Last Updated on May 6, 2015, by eNotes Editorial. Word Count: 518
The first two versions of the poem appeared in Botteghe Oscure (a quote from which appeared above) and Poetry , respectively. Wright was unsatisfied with both versions and asked James Dickey (the J. L. D. to whom the final version is dedicated), the poet who would later write “The Fiend”...
(The entire section contains 518 words.)
See This Study Guide Now
Start your 48-hour free trial to unlock this study guide. You'll also get access to more than 30,000 additional guides and more than 350,000 Homework Help questions answered by our experts.
The first two versions of the poem appeared in Botteghe Oscure (a quote from which appeared above) and Poetry, respectively. Wright was unsatisfied with both versions and asked James Dickey (the J. L. D. to whom the final version is dedicated), the poet who would later write “The Fiend” and other psychological poems, for help. While aboard a train, without a copy of the earlier versions and with only the memory of Dickey’s verbal comments, Wright wrote the final version.
Topical poems such as this are difficult. No matter which insights the poet brings to bear, opinions precede him. With controversial subjects like capital punishment and sympathy for criminals, he knew he could not avoid treading on zealously held beliefs of the 1950’s. As a result, he and the poem were vulnerable to attack. Commendably, Wright allowed his beliefs and feelings to shine forth, and the subsequent development of not only his own poems but also of modern poetry in general is better for this painstaking exhibition.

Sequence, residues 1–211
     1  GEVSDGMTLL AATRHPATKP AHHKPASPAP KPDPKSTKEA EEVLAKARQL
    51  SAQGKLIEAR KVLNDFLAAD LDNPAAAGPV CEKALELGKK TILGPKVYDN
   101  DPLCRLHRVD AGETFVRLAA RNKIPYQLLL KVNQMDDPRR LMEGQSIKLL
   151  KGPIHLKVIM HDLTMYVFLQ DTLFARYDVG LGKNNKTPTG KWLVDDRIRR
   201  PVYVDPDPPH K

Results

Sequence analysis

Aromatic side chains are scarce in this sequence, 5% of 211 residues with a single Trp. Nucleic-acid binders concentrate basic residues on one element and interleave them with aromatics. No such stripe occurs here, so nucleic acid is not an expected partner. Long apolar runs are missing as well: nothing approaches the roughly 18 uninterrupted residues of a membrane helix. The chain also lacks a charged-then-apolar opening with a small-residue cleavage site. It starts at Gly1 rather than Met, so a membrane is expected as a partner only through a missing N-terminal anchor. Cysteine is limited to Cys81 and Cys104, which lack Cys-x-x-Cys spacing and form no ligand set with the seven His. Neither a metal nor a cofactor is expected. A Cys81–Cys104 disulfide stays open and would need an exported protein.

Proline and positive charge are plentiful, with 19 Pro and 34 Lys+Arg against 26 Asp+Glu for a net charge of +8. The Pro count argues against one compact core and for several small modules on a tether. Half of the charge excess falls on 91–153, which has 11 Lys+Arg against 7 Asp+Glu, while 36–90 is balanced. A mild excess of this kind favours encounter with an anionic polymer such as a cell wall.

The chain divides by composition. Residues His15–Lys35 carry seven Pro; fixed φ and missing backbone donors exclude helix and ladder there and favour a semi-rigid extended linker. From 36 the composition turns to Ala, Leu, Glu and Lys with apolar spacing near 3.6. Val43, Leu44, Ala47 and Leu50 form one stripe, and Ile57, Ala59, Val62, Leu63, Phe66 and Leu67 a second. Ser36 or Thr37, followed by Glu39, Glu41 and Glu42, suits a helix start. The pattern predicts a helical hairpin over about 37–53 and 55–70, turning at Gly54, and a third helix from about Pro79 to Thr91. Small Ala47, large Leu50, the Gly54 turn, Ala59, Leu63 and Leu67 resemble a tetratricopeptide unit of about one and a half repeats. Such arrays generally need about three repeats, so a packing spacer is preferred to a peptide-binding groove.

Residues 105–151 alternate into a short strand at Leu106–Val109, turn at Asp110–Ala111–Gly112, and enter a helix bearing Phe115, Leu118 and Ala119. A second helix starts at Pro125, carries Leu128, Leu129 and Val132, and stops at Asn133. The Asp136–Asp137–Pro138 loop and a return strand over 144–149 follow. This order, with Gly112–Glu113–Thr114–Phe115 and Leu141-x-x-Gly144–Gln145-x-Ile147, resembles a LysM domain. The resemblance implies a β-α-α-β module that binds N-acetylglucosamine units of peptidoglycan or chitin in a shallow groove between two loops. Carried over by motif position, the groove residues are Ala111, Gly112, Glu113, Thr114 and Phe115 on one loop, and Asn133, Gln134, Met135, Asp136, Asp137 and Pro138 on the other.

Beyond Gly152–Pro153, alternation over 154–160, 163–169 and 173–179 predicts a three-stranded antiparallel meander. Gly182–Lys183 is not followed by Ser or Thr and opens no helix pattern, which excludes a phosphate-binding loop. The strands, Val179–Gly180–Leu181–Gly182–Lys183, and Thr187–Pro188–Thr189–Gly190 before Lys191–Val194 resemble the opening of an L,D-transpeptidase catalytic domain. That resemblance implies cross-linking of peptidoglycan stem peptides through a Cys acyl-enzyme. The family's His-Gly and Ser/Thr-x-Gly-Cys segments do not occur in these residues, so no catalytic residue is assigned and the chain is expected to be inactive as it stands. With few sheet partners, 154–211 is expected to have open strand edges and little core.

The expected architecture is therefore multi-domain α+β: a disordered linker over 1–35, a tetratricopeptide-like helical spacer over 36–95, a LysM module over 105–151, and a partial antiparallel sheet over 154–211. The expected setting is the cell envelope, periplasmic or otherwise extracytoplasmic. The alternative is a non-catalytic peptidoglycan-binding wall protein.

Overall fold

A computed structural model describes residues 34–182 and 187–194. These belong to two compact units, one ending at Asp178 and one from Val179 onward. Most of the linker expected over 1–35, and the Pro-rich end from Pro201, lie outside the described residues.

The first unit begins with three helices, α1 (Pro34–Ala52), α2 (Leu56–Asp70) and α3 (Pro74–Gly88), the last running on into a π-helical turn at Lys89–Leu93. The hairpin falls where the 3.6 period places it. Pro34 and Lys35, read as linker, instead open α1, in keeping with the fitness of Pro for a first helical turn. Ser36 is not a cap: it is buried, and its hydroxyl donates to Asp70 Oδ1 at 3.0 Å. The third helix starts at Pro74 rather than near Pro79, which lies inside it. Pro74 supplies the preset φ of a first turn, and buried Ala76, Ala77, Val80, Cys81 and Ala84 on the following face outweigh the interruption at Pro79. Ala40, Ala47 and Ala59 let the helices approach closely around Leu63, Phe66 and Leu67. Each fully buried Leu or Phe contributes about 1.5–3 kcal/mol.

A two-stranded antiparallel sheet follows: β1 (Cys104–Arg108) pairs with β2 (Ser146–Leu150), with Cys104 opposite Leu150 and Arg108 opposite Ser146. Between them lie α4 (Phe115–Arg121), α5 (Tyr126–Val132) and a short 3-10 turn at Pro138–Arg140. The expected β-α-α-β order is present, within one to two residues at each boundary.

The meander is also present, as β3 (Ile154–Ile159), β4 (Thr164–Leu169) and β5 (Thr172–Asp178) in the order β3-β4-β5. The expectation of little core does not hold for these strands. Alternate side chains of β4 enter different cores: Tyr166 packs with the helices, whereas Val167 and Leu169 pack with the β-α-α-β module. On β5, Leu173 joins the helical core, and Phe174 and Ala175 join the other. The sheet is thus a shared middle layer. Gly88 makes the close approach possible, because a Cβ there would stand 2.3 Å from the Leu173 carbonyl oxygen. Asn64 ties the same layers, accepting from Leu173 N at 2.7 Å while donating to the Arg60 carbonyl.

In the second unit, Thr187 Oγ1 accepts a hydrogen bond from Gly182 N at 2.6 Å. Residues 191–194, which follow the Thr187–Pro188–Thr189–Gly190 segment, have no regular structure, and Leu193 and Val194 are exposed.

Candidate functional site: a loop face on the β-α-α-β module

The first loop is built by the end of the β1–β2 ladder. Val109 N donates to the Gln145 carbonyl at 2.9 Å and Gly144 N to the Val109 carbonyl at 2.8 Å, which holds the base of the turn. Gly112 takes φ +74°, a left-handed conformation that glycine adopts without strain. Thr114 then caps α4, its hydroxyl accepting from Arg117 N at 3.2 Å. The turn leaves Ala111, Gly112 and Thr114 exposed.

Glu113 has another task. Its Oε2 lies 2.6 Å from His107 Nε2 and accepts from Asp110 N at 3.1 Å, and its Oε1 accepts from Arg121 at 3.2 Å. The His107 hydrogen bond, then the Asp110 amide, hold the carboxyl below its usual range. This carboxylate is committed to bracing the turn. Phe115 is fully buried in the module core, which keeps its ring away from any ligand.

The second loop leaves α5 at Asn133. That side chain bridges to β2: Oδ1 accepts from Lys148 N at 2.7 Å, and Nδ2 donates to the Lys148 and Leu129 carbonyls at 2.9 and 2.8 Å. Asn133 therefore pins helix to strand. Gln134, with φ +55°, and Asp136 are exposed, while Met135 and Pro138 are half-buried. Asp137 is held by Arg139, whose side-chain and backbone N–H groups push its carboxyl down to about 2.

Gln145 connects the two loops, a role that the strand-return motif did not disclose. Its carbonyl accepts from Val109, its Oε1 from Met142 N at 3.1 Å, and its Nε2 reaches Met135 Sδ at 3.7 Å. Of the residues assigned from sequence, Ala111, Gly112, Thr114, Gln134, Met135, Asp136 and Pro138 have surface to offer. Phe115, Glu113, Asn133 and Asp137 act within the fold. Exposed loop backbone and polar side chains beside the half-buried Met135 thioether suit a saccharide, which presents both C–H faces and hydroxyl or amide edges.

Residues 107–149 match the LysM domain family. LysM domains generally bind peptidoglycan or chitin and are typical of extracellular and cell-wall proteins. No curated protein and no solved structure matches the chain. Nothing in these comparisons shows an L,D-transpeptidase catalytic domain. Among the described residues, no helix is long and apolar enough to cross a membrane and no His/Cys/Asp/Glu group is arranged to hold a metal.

The epigraph of the poem is from Sigmund Freud’s Das Unbehagen in der Kultur (1930; Civilization and Its Discontents, 1961), a work that shows that civilization is possible only by the individual’s renunciation of deep-seated pleasures and aggressions. The puzzling quote is about the biblical admonition “Love thy neighbor as thyself,” a topic that leads Freud to declare subsequently, “[Civilization] hopes to prevent the crudest excesses of brutal violence by itself assuming the right to use violence against criminals.”
A poet who was to grow with each of his books, Wright’s first poems glittered with promise. This is true because he possessed a fine ear for meter and rhyme early in his career. Later, when he abandoned these devices, his ear held fast to near-perfect rhythms and economies of emotive phrase. His ability to turn personal experience into poetry was his finest asset.
“To a Fugitive” and “American Twilights, 1957” are also about slain prisoners. The latter is about Caryl Chessman, the Red-Light Bandit, who smuggled his writings out of death row before being executed in California for murder and rape. “The Fugitive” is a sonnet advising a man in flight from the law to “break the last law” and “race between the stars.” The title poem, “Saint Judas,” is a sonnet about one who knew “The kiss that ate my flesh.” Ostensibly from the Gospel, this poem reveals the betrayal of man by man.
The theme of the grave occurs throughout Wright’s writings. “A Dream of Burial,” in The Branch Will Not Break (1963), is a vision about his own decomposition. The poem preceding “At the Executed Murderer’s Grave,” entitled “Devotions,” tells how “I must find/ A grave to prod my wrath/ Back to its just devotions.” Wrath seems a doubtful quality to turn into devotion, yet Wright is able to assume the “dual role” (as Edward Butscher says in Smith’s book) “of outcast and savior.” This spiritual stance, not unlike that of poet Sylvia Plath, produces an “inward voice” capable of turning death into art. Even so, Wright is one who affirmed the goodness of life.